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Definition Of ‘Small Business’ Left Uncertain Amid Aussie Bank Reforms

Aus Eyes Small Business Definition Change

Australia’s banking industry continues to address misconduct at the largest of the nation’s institutions, with small business banking at the center of many of the regulatory efforts. But as the Australian Banking Association (ABA) prepares to introduce changes to the industry code of practice, the very definition of a “small business” remains in limbo, with significant implications for how small businesses are protected.

The ABA will announce the changes on Wednesday, reports in the Sydney Morning Herald said on Tuesday (Feb. 26), the result of recommendations made by Royal Commissioner Kenneth Hayne earlier this month. The ABA said it plans to accept those recommendations and implement changes “as soon as possible.”

The ABA is uncertain whether it will accept the Hayne recommendation to change the definition of small business, which would significantly impact how small business borrowers are protected. The current definition of a small business by the banks is a company with loan exposure of up to AUS$3 million ($2.15 million), but the Hayne recommendation suggests expanding that definition to a loan exposure of AUS$5 million (about $3.6 million) with fewer than 100 employees.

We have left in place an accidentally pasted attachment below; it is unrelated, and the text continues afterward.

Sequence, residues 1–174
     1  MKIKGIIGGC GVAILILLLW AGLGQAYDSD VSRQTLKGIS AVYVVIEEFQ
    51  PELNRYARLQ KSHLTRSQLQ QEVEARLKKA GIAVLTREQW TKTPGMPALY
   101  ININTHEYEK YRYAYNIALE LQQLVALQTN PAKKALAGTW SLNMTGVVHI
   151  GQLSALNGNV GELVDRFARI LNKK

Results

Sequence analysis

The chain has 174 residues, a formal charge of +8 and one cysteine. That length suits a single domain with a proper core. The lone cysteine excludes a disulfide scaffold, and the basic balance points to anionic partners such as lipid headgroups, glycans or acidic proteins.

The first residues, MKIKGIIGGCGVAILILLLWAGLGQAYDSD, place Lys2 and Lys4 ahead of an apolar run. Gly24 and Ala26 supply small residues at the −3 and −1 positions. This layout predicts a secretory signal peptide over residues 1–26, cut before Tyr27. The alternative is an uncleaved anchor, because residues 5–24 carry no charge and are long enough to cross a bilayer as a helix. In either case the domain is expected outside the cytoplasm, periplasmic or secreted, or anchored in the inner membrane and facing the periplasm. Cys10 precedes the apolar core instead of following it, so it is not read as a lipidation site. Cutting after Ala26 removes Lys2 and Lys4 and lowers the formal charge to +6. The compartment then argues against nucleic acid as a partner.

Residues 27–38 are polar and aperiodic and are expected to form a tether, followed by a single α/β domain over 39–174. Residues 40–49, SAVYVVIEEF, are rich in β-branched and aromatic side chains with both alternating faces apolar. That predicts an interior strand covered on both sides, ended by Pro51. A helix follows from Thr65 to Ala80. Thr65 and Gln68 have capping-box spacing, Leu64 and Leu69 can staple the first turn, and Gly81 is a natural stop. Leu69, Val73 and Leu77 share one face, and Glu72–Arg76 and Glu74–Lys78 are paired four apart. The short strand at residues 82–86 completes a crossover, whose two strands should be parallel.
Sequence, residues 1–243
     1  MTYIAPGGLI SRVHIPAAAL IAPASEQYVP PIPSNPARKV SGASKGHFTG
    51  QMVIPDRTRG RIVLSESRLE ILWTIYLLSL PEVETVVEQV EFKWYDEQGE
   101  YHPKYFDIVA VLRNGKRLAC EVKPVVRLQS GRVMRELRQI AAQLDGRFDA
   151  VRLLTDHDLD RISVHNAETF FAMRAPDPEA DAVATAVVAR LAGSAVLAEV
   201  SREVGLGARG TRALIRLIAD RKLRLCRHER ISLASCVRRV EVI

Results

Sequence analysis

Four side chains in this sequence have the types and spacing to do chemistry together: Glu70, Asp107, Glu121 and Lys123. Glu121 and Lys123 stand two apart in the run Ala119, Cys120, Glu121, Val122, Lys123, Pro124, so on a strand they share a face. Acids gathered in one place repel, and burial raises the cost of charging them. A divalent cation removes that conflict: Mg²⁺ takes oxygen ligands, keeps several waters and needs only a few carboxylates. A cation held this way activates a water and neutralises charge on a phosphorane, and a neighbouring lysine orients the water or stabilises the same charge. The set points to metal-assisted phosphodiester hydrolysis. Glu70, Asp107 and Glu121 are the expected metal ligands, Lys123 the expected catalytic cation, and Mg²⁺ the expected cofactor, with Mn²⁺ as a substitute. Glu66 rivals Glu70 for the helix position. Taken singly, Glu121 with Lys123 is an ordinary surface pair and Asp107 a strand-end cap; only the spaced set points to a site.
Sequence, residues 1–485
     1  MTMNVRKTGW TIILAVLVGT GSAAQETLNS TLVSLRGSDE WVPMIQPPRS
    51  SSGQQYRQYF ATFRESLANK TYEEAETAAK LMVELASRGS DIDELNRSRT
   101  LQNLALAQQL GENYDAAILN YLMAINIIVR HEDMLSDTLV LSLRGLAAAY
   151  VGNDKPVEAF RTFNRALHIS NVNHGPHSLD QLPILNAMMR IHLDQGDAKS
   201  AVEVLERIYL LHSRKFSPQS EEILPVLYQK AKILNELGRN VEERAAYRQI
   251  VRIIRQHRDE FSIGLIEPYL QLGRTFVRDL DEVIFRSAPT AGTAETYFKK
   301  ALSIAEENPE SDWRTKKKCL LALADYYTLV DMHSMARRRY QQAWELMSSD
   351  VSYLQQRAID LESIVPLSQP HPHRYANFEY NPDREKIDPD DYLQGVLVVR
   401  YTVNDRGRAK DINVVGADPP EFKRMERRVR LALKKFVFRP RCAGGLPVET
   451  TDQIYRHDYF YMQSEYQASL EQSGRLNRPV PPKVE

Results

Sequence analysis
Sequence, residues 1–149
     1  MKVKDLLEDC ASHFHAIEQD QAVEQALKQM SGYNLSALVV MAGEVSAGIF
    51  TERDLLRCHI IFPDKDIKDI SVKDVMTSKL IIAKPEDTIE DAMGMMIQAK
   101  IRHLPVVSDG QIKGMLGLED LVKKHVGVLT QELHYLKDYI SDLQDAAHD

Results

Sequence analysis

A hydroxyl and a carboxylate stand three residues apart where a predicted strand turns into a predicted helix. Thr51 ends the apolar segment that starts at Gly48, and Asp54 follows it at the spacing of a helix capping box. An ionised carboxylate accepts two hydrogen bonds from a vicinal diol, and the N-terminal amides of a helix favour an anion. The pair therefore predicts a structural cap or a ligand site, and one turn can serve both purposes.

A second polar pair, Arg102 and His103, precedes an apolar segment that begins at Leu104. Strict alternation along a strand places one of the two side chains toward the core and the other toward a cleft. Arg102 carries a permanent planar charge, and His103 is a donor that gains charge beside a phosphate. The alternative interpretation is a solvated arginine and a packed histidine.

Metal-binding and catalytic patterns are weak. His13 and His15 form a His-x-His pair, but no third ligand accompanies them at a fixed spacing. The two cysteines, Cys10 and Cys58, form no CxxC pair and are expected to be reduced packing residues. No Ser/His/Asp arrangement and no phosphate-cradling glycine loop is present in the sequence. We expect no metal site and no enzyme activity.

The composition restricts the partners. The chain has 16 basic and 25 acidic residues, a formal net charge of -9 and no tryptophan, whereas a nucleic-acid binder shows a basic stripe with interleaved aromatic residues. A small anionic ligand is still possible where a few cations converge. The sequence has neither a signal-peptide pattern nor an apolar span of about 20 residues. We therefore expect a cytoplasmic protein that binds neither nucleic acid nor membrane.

The Australian Securities and Investment Commission (ASIC) cleared the new definition when it approved the ABA’s code of conduct changes last year, reports noted, though the Commission discussed the issue with the banking industry.

“The industry has serious concerns that this recommendation may have a material impact on access to credit for small business borrowers,” the ABA said.

ABA Chief Executive Anna Bligh said Australia’s banking industry “has taken the report and is acting with urgency to ensure lasting reform occurs without delay,” though the ABA has not yet reached a decision on whether or not to accept the definition change.

The Australian Competition and Consumer Commission Chief Executive Rod Sims is calling for greater competition in the nation’s banking industry after a review found that the top four banks – ANZ Bank, Westpac, CAB and NAB – control 75 percent of the market share.

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